Marriott’s career has been guided by the principles represented in the collective vision of the SJF. He has benefited greatly from the guiding hands of his own mentors here in Seattle and in New York. His associations with legendary Seattle trumpeter Floyd Standifer and iconic tenor saxophonist Hadley Caliman would be prime examples. “I feel really lucky and grateful to have had the attention and guidance from some really good musicians here at home. People like Jay Thomas, Jeff Johnson and Marc Seales, all the people that I’ve played with,” he says respectfully. “In order to play this music, you’ve got to constantly be surrounding yourself with people that are better than you. Sometimes those opportunities are hard to find, sometimes people are afraid to take care of those opportunities, to seek out those opportunities. Sometimes hesitant about getting the kind of feedback you need. I think at some point, the good news is that you become comfortable with the kind of feedback that you need to hear,” he says.
In essence, the predominant principle of the fellowship going forward is to put the music itself at the front of the line. While most for-profit music venues base their booking policies on draw, or “butts in the seats,” regardless of the quality of music, SJF presents an opportunity to raise funds differently and center the music as the guiding principle in booking the space. That overall philosophy is guided not by technical or theoretical learning, but by love for the music and the inspiration and community it creates.
“I think because we’re a not-for-profit, there’s a tendency to conflate what we’re trying to do with jazz education. We’re not really about jazz education in the formalized sense of the word. We certainly are about jazz education in that we want to share our love for the music. I think that sharing our love for jazz with people that are fans and also with other musicians is more the focus,” states Marriott.
Marriott has a keen understanding of what jazz musicians and their audiences have in common: both are fans of the music. You cannot play the music without first falling in love with it. Secondly, both have opportunities to serve the jazz community in a myriad of ways, instead of just reaping the benefits of a vibrant jazz culture. When patrons walk through the door of a SJF gig, they are entering a place where they belong not only as an audience, but as contributors to a community that has steadfastly held strong in Seattle since the Jackson Street days of the 1930s and ’40s. The experience of witnessing the artistry of jazz in a small, intimate space is where the music truly comes to life and touches the lives of its congregants in life impacting ways that extend far beyond the club door. It’s this kind of encounter that Marriott has been humbly working towards to achieve for the benefit of Seattle’s jazz community, in a way that is sustainable while treading uncertain waters.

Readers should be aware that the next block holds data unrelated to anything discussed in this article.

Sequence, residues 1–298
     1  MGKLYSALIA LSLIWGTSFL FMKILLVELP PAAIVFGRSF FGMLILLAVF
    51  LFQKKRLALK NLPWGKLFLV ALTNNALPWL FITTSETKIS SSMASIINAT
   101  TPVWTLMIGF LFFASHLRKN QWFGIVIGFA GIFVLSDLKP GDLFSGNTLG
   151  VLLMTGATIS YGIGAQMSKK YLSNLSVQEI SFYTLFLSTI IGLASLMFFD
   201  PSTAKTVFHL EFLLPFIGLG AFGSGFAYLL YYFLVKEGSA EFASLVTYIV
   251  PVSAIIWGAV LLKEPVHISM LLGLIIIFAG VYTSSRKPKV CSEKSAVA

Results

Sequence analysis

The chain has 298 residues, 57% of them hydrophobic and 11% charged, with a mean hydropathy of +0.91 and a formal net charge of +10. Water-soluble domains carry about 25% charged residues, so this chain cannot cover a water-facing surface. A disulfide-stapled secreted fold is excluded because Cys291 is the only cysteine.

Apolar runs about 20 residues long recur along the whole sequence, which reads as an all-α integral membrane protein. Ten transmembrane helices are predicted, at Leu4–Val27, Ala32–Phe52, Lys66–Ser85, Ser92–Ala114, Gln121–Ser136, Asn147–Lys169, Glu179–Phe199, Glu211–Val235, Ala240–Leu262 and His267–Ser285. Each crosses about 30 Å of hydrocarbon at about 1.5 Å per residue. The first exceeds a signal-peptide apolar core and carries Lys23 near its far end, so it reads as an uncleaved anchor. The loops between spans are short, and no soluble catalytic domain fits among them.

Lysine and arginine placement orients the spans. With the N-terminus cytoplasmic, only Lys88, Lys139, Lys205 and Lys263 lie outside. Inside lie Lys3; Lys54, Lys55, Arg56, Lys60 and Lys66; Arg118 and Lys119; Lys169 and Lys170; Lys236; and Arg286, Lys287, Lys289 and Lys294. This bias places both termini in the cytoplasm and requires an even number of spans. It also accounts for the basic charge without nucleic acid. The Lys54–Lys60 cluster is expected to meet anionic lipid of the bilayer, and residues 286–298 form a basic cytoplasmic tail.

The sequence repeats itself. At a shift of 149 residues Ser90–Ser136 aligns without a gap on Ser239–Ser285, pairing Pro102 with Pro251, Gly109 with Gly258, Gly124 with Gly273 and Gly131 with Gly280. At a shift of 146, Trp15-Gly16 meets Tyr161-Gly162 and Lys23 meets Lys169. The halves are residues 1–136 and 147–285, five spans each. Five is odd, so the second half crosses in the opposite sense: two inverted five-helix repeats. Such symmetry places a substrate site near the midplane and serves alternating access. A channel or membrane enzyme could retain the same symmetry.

With an eye on its historic past and a visionary gaze towards its future, Marriott remarks, “At its most fundamental level, for jazz music, its natural habitat is the small, intimate room. Sometimes we deprive our audience when we put the music on a bigger stage. Certainly, it adds respectability to the music to put it on the big stage and I appreciate that. On the other hand, there’s no experience from the listener’s point of view, like being crammed into a little space with the band right in your face. To me, that’s the ideal way to experience live jazz music or jazz music in general, not on record, not from afar. Where musicians are sweating on you and spilling their drink on you, the trombone player’s spit valve is getting your shoe wet, where you can hear the musicians talking between the tunes, you become much more a part of it.”
To learn more about the Seattle Jazz Fellowship, go to seattlejazzfellowship.org